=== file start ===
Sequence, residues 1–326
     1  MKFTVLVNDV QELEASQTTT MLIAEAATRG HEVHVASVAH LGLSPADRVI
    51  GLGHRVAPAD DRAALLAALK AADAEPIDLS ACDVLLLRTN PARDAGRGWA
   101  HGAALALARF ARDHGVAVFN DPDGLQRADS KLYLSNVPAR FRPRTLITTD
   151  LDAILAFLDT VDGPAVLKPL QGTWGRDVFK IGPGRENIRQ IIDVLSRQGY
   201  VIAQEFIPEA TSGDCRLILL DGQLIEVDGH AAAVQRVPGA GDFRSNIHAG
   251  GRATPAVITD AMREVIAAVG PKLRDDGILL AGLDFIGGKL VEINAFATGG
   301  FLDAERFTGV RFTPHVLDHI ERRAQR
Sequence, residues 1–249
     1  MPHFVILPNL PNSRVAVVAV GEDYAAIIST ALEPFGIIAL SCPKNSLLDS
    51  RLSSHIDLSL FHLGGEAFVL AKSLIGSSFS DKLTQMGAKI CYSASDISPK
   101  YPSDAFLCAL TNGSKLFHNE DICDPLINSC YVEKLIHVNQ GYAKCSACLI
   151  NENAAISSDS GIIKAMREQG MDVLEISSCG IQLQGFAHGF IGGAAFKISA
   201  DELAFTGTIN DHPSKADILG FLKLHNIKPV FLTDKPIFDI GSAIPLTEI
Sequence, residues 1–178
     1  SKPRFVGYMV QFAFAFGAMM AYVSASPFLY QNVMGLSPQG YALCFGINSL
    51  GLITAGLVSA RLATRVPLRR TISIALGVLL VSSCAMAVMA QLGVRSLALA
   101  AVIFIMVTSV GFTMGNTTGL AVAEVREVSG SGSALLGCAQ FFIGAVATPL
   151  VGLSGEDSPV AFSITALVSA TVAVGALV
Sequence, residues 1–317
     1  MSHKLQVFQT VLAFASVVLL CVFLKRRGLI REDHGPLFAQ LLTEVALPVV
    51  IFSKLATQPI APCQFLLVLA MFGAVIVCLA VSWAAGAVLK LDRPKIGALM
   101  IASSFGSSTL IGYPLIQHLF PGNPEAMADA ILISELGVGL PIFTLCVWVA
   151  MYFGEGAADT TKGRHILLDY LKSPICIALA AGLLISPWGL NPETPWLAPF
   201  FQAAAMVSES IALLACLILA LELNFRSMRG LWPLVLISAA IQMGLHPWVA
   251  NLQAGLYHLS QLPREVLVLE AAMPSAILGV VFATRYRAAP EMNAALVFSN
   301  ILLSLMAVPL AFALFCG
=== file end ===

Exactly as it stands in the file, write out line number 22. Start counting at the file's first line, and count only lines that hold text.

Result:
    51  IFSKLATQPI APCQFLLVLA MFGAVIVCLA VSWAAGAVLK LDRPKIGALM